Jason: As Bethany said, the top priority was diversity—certainly in the ways we usually think of diversity, but also in more subtle ways, like the career trajectories of our authors, the types of places they work and the outlets they write for, the tools they use to communicate science on the internet, and so on. By doing so, hopefully we communicated the notion that a blog is nothing more than a tool for spreading ideas online. They aren’t representative of a particular sort of person, writer, style, tone, or goal.
What are some of the key skills that you hope your readers will take away from your book and from your online offerings at The Open Notebook?
Bethany: I hope that the book offers people a helpful guide to creating their own site and finding their own niche in online science communication. There’s a lot out there, yes, but there’s always space for more. It’s not limited to writing, there’s audio and video and art and combinations of all of these.
With regard to our online offerings at The Open Notebook, we are already offering lists of extra resources for each chapter, including more articles and links that people can read and use as they enter the world of science blogging. We will also be contributing posts to the site that specifically focus on engaging in social media. I hope they will help people learn more about successful engagement platforms such as Facebook and Twitter.
Jason: I believe that most of the skills surrounding blogging and online science communication are ones that come with practice. I hope that readers both of the book and of our contributions to TON will take away the confidence to try new things, to experiment with different ways of telling stories about science, to be eager to figure out new tools and new software. If we can achieve that, then this book will still be useful even long after Twitter stops being the social media platform of choice, or once blogs become such a natural part of the communication landscape that the chapter on how to set one up becomes useless.
Christie: I hope that readers find the information they need to make their blogs successful and worthwhile efforts, whatever that entails for them. But the guide is information, not training. You don’t get good at the skills mentioned in the book by reading about them; you have to try them, fail at them even, and then master them. So the real benefit of the book—and the accompanying website hosted by TON—is that it brings together the best resources available to help someone get started blogging about science or try something new.
What insights about blogging did you gain in the process of shepherding this book?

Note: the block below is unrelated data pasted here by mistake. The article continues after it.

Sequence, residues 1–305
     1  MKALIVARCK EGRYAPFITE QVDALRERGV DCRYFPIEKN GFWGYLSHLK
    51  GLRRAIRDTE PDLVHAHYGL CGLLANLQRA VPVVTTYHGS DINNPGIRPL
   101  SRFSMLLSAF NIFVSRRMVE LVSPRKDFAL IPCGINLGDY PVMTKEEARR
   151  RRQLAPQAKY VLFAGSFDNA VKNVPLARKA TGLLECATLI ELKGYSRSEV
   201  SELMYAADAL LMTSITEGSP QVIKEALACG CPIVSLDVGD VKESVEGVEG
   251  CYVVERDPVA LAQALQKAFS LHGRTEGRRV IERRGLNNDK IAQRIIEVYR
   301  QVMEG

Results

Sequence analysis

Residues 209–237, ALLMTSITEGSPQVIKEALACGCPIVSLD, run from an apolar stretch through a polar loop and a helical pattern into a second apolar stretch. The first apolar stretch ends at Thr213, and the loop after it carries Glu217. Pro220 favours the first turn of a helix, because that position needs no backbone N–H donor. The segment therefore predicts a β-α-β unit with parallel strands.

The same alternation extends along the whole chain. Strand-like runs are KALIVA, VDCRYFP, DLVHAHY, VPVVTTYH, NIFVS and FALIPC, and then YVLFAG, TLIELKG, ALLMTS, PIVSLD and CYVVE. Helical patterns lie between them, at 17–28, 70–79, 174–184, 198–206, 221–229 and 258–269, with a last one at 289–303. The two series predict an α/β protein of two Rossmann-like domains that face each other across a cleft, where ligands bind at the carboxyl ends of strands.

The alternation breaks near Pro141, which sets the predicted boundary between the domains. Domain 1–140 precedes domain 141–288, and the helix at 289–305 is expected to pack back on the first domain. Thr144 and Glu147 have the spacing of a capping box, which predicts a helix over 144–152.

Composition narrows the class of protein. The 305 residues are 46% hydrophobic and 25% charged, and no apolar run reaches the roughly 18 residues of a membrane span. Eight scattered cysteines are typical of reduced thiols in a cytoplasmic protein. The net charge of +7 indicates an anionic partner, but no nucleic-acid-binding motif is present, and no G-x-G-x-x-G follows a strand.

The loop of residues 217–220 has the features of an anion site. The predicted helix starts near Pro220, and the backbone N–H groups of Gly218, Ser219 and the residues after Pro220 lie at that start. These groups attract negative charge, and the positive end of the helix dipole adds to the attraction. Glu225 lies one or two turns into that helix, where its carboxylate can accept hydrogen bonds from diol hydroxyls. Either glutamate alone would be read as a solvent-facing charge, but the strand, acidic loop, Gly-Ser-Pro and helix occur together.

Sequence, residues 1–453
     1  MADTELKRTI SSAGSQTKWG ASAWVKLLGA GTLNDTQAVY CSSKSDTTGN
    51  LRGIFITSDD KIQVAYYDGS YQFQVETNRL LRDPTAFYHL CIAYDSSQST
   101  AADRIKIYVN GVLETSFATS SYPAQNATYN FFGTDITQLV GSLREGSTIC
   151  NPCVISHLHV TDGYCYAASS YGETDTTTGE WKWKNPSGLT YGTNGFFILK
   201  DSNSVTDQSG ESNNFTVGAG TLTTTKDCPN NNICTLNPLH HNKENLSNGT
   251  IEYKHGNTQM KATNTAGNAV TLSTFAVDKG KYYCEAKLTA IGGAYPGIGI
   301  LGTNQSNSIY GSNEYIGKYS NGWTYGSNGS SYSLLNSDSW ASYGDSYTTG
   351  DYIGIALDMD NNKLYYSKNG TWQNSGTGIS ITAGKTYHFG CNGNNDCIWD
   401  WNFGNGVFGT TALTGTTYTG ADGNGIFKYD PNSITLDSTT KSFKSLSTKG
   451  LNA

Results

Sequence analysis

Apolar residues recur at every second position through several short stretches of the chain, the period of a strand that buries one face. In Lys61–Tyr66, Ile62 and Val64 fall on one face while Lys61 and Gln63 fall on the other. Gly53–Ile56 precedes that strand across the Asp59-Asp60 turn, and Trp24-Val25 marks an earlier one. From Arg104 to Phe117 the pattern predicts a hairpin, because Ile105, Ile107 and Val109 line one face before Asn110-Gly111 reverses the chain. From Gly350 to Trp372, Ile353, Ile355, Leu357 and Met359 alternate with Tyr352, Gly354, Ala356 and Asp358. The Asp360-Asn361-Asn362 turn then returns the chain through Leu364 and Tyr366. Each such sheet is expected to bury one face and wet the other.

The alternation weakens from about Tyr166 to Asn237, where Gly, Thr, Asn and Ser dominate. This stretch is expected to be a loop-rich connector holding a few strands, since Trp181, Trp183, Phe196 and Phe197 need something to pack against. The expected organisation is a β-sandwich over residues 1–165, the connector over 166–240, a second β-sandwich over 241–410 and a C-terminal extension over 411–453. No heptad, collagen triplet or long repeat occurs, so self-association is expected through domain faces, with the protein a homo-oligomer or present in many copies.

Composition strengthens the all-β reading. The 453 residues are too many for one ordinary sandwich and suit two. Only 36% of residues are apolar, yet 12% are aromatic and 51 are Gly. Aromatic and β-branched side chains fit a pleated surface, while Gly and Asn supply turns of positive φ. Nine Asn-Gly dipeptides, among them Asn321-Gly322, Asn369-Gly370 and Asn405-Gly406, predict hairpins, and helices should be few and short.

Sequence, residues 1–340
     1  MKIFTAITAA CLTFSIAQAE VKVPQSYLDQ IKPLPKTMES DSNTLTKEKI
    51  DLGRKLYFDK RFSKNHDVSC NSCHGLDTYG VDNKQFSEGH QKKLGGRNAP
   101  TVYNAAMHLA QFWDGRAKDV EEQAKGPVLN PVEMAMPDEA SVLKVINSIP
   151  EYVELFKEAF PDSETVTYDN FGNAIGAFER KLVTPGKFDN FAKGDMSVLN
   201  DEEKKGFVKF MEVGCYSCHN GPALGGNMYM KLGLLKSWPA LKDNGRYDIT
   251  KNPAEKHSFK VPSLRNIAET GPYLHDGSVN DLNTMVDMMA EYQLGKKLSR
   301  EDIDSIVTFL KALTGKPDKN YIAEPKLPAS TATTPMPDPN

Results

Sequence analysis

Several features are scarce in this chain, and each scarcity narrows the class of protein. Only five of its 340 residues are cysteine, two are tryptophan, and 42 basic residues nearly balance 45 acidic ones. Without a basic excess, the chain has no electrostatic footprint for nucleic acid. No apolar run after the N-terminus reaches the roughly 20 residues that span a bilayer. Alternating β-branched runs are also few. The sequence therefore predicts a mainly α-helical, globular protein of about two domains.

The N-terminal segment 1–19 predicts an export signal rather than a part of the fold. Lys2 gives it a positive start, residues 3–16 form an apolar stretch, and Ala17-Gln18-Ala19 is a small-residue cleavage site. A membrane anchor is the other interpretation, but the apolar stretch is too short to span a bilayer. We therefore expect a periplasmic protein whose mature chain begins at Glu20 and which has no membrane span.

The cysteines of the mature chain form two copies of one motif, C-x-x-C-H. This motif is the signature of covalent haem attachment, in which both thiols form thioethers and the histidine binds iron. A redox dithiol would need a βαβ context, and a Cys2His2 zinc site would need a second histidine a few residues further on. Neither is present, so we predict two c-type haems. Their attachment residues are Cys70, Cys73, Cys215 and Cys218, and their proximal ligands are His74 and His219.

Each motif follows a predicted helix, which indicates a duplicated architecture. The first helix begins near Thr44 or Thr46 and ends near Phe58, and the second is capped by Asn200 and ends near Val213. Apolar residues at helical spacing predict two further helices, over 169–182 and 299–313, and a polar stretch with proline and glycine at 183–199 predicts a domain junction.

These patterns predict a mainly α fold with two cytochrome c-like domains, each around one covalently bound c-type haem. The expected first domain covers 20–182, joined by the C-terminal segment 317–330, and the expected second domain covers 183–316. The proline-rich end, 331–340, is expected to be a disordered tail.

Bethany: Everyone does it differently. I tend to approach my blogging the way I approach my life, constantly coming up to people and saying, “Did you know that…” But some writers think in terms of narrative, or in terms of images. Some have academic goals in mind. Some are purely educational. The only thing they all really have in common is that they share science and the experience of scientists. It’s a beautiful thing.
Christie: It really hammered home for me how diverse and flexible blogs are as a tool for communication. Our chapter authors are writers, journalists, teachers, scientists, students, press officers—basically, everyone you can think of that might have an interest in science. And the content they share with their blogs varies widely, from short news pieces to long personal narratives, and everything in between. But all are able to mould their blog into the perfect tool to achieve their goals.
Jason: I think my biggest insight came long after we submitted the final manuscript to our publisher and began work on our corner of the TON website. I thought it would be neat to create a map showing (approximately) where each of our contributors lives—which you can see on the bottom of our authors page. That’s when I realized how powerful science blogs can be for spreading accurate, scientific information and delivering compelling stories about science to just about every corner of the planet. At the moment, we’ve got contributors from North America, Europe, and Africa. If we ever decide to do an update of the book, I hope we can include even more contributors, from South America, Asia, and Australia … and maybe even Antarctica?
What are some of the biggest misconceptions that science journalists tend to have about science blogging?
Bethany: I think the big one still is that blogging somehow takes away from journalism or threatens it in some way. As one of our chapter authors, Carl Zimmer, put it so eloquently, “The idea that some pajama-clad basement-lurkers could destroy a major section of the media is absurd.”
Blogs aren’t a challenge to science journalism. The challenges to science journalism are the sites that keep jettisoning their science sections, the lack of funding for science news and the proliferation of press releases as news substitutes. The public often has no idea what makes journalism journalism and why it is important, and upvotes and reads accordingly. None of these things happened because someone was blogging.